Jack Hood Vaughn, who led the Peace Corps at the height of its volunteer enrollment in the late 1960s, died Oct. 29 at his home in Tucson, Ariz.. He was 92.
The cause was cancer, his daughter, Jane Constantineau, said.
President Lyndon Johnson appointed Mr. Vaughn as the second director of the Peace Corps in 1966, after the five-year tenure of R. Sargent Shriver, the driving force in the creation of the corps during the Kennedy administration. Under Mr. Vaughn, the number of volunteers rose from approximately 12,000 to more than 15,500 -- the most in the corps' history -- serving in more than 50 countries. There are now about 8,000 volunteers in 76 countries.
Some politicians were originally hostile to the concept of the corps, especially during the Vietnam War. "The Peace Corps is no haven for draft dodgers," Mr. Vaughn responded in 1966. Its volunteers, he said, are "second to no other Americans" in performing service to the nation.
Under Mr. Vaughn, Time magazine reported in 1967: "A team of corpsmen installed the University of Malaya's first electronic computer; one is a game warden in Ethiopia; Gerald Brown conducts Bolivia's National Symphony Orchestra, and Lynn Meena's televised English lessons made her one of Iran's most popular performers. The majority teach, and the corps has even sent blind volunteers abroad to teach the blind."
While Mr. Vaughn led the Peace Corps through 1969, his resume also includes an array of other influential positions, among them ambassador to Panama in 1964 and 1965, assistant secretary of state for inter-American affairs from 1965 to 1966 and ambassador to Colombia from 1969 to 1970. He resigned from the foreign service because he felt the Nixon administration, preoccupied by the Vietnam War and turmoil in the Middle East, was not paying sufficient attention to Latin America.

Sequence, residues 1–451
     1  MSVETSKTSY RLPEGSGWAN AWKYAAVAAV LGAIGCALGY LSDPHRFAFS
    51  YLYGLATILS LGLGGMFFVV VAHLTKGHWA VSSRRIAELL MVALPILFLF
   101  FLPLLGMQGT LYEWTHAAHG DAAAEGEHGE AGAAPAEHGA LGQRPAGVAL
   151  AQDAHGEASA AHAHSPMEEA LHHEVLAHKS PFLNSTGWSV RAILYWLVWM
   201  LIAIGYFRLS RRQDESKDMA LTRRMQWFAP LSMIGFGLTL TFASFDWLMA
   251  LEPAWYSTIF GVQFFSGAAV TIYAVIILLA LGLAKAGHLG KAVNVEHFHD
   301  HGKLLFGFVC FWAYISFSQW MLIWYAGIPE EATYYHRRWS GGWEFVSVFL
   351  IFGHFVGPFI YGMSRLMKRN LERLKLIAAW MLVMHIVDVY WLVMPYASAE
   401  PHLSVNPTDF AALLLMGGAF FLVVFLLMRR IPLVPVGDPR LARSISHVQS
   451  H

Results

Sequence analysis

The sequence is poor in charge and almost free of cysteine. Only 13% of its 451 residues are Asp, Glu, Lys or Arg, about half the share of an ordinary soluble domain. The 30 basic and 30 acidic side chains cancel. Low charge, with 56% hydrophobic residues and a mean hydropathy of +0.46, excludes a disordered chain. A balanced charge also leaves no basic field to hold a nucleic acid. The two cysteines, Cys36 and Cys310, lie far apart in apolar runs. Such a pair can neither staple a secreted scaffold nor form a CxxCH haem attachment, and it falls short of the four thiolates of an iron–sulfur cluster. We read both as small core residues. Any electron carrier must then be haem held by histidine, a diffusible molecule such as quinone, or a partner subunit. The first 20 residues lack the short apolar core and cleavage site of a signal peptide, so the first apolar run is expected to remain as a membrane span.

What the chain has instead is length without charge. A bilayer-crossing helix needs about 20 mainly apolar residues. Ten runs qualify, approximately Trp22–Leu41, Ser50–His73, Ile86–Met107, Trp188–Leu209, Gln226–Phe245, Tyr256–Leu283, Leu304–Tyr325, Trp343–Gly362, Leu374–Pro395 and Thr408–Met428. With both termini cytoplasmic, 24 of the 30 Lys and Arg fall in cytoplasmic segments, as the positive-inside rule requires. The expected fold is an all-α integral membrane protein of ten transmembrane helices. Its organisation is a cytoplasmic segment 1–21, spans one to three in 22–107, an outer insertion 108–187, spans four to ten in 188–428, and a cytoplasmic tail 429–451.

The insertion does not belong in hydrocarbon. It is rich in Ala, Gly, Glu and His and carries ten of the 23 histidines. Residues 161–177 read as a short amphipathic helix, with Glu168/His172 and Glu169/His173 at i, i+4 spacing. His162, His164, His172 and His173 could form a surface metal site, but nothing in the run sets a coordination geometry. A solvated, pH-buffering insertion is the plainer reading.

Out of government service, Mr. Vaughn was president of the National Urban Coalition, dean of international studies at Florida International University, director of international programs for the Children's Television Workshop (producing foreign versions of "Sesame Street"), president of the Planned Parenthood Federation, chairman of Conservation International and chairman of Ecotrust, an organization he founded to protect rain forests.
Born in Lame Deer, Mont., Jack Hood Vaughn was one of five children of L.H. and Lona Mr. Vaughn. His father owned clothing stores. After graduating from the University of Michigan with a degree in romance languages, he enlisted in the Marines and saw action in the Pacific during World War II. He returned to his alma mater after the war and earned a master's in economics.
Fluent in Spanish, Mr. Vaughn soon joined the U.S. Information Agency and was sent to Bolivia to run a cultural center. He was later a program director for the U.S. Agency for International Development in Panama, Bolivia, Mali, Mauritania and Senegal. It was while escorting Johnson, who was then the vice president, on a visit to Senegal that Mr. Vaughn came to the attention of Shriver, who asked him to become the Latin America director for the newly created Peace Corps.
While studying at Michigan, Mr. Vaughn also coached the university's boxing team. Later, under the name Johnny Hood, he was a professional featherweight boxer.